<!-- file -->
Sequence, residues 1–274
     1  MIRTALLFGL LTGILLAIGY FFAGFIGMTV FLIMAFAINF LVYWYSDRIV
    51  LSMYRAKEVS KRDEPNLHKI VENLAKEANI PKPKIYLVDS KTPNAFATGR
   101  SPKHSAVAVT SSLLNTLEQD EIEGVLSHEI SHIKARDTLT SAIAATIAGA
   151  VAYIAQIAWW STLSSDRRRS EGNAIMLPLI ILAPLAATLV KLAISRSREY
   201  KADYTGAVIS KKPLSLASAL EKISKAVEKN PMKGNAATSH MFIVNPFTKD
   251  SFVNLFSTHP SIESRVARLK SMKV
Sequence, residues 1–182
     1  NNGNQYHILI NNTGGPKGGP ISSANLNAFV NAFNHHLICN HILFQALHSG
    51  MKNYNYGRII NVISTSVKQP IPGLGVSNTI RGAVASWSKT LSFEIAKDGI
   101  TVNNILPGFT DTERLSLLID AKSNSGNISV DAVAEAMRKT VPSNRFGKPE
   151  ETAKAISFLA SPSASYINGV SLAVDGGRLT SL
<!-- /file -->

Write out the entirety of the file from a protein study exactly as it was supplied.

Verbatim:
Sequence, residues 1–274
     1  MIRTALLFGL LTGILLAIGY FFAGFIGMTV FLIMAFAINF LVYWYSDRIV
    51  LSMYRAKEVS KRDEPNLHKI VENLAKEANI PKPKIYLVDS KTPNAFATGR
   101  SPKHSAVAVT SSLLNTLEQD EIEGVLSHEI SHIKARDTLT SAIAATIAGA
   151  VAYIAQIAWW STLSSDRRRS EGNAIMLPLI ILAPLAATLV KLAISRSREY
   201  KADYTGAVIS KKPLSLASAL EKISKAVEKN PMKGNAATSH MFIVNPFTKD
   251  SFVNLFSTHP SIESRVARLK SMKV
Sequence, residues 1–182
     1  NNGNQYHILI NNTGGPKGGP ISSANLNAFV NAFNHHLICN HILFQALHSG
    51  MKNYNYGRII NVISTSVKQP IPGLGVSNTI RGAVASWSKT LSFEIAKDGI
   101  TVNNILPGFT DTERLSLLID AKSNSGNISV DAVAEAMRKT VPSNRFGKPE
   151  ETAKAISFLA SPSASYINGV SLAVDGGRLT SL